On Django's HTTP respect

Posted by Adrian Holovaty on October 24, 2005

Because we're perfectionists, we've taken care when designing Django to make sure It Does The Right Thing when it comes to following HTTP standards.

Ryan Tomayko touched on HTTP, and how most Web frameworks don't use it correctly, in his "On HTTP Abuse" piece earlier this year. In the article, he rhetorically asked which frameworks make certain HTTP functionality easy, or do it the "right" way.

Let's take a detailed look at each of his questions and point out precisely what Django does in each case.

For instance, which frameworks...help implement content negotiation properly?

A few parts of Django perform server-driven content negotiation for you automatically. For instance, the GZipMiddleware compresses content for browsers that understand gzip compression.

Django gives developers a simple way to set the Vary header, as mentioned in the RFC linked above, "to express the parameters the server uses to select a representation that is subject to server-driven negotiation." See the "Using Vary headers" documentation. By default, all functionality that comes with Django, such as the session and cache systems, sets the appropriate Vary header(s) automatically.

For more obscure content-negotiation needs, you can access all HTTP headers in any request object. If you can think of any useful negotiation-related functionality we could add to Django, please let us know by posting to django-developers or our ticket system.

...provide facilities for implementing a smart caching strategy for dynamic content? (proper use of If-Modified-Since, Expires, Cache-Control, etc.)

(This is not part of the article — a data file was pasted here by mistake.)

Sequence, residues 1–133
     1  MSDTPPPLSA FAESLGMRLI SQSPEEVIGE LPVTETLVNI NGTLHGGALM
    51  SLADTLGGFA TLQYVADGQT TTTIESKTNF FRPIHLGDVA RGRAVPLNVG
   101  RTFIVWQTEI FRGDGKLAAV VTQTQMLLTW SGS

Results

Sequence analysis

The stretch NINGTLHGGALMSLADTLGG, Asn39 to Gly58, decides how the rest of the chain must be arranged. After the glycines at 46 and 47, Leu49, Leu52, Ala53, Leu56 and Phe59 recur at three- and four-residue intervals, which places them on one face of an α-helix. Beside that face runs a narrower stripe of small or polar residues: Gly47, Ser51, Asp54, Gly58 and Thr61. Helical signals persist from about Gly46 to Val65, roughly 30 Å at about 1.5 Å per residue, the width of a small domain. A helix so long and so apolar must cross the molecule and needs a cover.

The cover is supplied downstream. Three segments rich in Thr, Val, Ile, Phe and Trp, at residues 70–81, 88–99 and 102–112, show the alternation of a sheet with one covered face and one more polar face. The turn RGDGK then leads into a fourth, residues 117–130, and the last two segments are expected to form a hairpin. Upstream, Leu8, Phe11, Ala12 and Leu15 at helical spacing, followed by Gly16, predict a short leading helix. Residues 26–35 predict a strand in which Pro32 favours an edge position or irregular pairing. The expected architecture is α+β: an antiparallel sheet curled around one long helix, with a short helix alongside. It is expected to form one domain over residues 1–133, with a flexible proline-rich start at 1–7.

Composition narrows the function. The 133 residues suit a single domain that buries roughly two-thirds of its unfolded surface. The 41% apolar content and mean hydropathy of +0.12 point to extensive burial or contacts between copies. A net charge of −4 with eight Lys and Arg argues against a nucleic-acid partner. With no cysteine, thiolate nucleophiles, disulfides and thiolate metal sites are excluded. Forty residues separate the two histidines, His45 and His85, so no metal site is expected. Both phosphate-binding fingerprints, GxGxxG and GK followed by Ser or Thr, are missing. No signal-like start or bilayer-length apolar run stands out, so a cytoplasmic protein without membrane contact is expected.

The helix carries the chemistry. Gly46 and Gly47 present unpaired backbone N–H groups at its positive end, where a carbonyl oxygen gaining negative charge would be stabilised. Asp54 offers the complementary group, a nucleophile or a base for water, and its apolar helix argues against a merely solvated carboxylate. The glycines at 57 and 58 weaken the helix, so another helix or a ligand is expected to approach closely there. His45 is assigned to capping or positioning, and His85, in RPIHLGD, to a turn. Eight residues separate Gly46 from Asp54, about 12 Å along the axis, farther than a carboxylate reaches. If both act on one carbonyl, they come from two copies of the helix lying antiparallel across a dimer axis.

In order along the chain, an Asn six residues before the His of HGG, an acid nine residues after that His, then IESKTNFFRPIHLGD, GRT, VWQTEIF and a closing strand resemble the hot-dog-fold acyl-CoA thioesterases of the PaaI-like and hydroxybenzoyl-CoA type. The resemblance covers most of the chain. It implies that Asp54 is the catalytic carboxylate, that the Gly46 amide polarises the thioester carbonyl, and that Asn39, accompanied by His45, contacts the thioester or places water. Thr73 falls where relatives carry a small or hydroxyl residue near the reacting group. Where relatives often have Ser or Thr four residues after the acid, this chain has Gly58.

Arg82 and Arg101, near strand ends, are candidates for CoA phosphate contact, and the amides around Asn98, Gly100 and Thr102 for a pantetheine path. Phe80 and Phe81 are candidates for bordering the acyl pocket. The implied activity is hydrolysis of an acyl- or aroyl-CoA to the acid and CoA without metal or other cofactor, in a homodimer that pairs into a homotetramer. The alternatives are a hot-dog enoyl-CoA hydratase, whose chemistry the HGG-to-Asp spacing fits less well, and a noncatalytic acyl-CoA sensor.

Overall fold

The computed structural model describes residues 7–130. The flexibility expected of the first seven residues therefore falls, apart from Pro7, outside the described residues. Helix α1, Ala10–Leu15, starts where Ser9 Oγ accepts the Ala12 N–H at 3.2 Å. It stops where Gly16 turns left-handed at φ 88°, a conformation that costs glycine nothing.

Django's middleware takes care of this. The ConditionalGetMiddleware handles If-None-Match or If-Modified-Since. CacheMiddleware takes care of the Last-Modified, Expires and Cache-Control headers.

...make dealing with media types easy?

It's outside Django's scope to deal with media files at this point.

...make dealing with character encodings easy?

Django's got you covered here. The DEFAULT_CHARSET setting lets you specify the systemwide character encoding of input and output in all Django-powered pages. Things Just Work.

...encourage the use of standard HTTP authentication schemes?

Django's session support doesn't use standard HTTP authentication, because we don't like the usability (or, lack thereof) of HTTP authentication in modern browsers -- particularly the fact that a user can't log out without closing her browser. If there's interest, we can add support for HTTP auth.

...have a sane mechanism for attaching different behavior to different verbs for a single resource?

Yes. We're fanatical about this. This is why each request object has separate GET and POST attributes -- so developers can differentiate between the two. You can use request.META["REQUEST_METHOD"] to get the exact request method, in case you need to support something less common, such as PUT.

...help ensure that URIs stay cool?

An emphatic yes. This is another thing we're fanatical about. Django's URL-dispatching syntax encourages cool URLs -- URLs without file extensions. It also makes it simple to support legacy (e.g. ".php") URLs and redirect them as needed.

...make dealing with transfer encodings (gzip, compress, etc.) easy?

Just turn on GZipMiddleware, and Django automatically will gzip your pages for browsers that support it. We don't have a "compress" middleware, but adding one would be a cinch.

...help you use response status codes properly? (e.g. Nearly all dynamic content returns either a 200 or 500).

Here's another thing we're passionate about. Each response object uses status code 200 by default. The HttpResponse subclasses (e.g. HttpResponseServerError or HttpResponseNotFound) all return the right status code. We encourage you to use the right response types in your applications.

The built-in Django pages, such as error pages and "page not found" error pages, use 500 and 404, respectively.

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